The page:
With President Obama poised to decide whether to allow construction of the Keystone XL Pipeline — based on a second, more environmentally-sensitive path — critics now appear focused on derailing the project over a climate change study.
TransCanada Corp. submitted a revised application after the president rejected the first one in January because it took the 1,700-mile-long pipeline across an aquifer in Nebraska.
However, environmental groups say producing oil from Alberta tar sands releases more carbon dioxide than conventional drilling, which would increase global warming, and that studies on the first application were inadequate.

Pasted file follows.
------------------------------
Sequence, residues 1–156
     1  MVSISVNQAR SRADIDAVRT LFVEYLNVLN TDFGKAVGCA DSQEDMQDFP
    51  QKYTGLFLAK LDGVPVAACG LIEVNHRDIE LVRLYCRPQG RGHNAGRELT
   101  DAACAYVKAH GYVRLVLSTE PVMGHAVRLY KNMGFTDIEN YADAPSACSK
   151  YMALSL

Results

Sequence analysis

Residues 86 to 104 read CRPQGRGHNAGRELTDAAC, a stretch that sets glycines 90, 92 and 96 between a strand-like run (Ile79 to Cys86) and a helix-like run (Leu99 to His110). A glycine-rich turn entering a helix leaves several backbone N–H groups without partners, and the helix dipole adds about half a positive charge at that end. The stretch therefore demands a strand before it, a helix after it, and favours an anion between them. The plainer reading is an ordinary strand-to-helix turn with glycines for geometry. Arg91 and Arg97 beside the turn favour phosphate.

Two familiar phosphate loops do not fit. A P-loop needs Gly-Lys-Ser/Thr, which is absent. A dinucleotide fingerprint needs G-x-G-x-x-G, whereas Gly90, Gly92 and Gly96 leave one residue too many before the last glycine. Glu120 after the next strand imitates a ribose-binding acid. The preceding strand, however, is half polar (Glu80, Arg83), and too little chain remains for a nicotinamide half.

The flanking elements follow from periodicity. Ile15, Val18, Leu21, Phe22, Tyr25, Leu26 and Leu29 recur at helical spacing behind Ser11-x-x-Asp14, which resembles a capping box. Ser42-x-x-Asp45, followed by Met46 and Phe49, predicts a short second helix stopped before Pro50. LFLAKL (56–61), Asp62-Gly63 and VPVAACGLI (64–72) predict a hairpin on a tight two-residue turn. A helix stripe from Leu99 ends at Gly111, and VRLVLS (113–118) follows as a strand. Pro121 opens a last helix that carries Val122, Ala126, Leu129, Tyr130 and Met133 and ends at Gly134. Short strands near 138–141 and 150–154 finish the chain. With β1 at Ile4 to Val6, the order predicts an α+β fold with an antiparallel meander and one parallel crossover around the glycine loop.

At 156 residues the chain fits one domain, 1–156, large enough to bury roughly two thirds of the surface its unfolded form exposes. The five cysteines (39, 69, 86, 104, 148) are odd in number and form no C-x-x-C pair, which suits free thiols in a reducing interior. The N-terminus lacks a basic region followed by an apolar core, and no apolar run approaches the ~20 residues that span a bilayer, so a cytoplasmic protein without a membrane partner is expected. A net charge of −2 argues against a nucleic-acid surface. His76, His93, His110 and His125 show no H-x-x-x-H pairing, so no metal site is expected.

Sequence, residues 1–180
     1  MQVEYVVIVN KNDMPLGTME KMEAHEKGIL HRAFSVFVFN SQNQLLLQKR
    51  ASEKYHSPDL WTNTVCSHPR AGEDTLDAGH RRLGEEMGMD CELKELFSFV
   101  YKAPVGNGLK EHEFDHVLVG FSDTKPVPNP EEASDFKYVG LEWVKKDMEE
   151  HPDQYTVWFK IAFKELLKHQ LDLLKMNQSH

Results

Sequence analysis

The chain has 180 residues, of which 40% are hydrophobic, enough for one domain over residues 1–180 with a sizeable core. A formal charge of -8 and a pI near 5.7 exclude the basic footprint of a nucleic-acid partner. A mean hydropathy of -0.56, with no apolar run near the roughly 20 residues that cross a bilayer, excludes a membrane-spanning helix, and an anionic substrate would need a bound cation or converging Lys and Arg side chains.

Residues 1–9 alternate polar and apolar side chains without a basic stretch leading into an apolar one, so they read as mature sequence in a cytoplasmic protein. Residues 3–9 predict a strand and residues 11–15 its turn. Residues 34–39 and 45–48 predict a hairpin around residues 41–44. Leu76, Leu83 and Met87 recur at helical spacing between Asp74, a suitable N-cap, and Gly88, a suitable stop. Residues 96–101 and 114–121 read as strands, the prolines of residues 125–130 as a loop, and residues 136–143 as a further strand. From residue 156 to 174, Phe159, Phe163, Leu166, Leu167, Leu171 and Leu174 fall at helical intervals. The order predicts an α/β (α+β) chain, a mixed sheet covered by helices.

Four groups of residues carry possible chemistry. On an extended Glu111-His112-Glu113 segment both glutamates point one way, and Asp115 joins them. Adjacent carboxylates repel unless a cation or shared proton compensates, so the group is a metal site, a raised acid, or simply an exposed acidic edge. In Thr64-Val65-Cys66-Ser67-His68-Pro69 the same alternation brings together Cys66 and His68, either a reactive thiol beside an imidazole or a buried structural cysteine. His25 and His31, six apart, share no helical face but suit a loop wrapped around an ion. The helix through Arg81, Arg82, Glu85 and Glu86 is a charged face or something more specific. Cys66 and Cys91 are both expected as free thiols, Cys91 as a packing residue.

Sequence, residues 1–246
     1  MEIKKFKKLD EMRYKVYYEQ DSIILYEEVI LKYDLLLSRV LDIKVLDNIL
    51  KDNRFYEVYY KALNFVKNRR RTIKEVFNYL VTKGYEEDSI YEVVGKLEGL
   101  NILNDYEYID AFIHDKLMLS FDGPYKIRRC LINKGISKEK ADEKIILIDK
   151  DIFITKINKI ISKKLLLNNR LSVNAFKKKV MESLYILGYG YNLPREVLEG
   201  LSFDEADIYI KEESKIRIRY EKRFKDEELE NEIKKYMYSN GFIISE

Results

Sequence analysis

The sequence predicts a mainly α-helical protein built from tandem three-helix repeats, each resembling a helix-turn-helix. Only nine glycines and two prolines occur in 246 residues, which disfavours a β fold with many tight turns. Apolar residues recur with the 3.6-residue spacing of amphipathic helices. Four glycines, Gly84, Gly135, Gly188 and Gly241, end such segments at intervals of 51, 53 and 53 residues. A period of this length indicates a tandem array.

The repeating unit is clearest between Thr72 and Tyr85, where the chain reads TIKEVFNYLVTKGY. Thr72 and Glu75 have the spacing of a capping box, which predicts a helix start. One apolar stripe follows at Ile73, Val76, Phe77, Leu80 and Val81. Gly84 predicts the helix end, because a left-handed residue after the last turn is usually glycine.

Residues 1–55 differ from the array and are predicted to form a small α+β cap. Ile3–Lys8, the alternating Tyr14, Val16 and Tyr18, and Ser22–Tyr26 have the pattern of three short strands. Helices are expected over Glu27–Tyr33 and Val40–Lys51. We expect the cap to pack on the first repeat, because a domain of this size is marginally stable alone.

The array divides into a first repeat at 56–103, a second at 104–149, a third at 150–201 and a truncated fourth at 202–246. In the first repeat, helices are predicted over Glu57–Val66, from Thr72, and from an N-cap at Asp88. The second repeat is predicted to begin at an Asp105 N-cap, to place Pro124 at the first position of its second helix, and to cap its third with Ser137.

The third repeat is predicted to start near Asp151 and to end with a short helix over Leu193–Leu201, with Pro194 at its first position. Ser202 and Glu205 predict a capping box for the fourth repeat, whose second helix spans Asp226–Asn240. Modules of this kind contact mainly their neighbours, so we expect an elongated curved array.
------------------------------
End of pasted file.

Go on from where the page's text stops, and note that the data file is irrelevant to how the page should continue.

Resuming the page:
Jeremy Symons, of the National Wildlife Federation, said Sunday the original assessment by the State Department underestimated the amount of greenhouse gas. And he called on the Environmental Protection Agency to do a more complete assessment on the second application.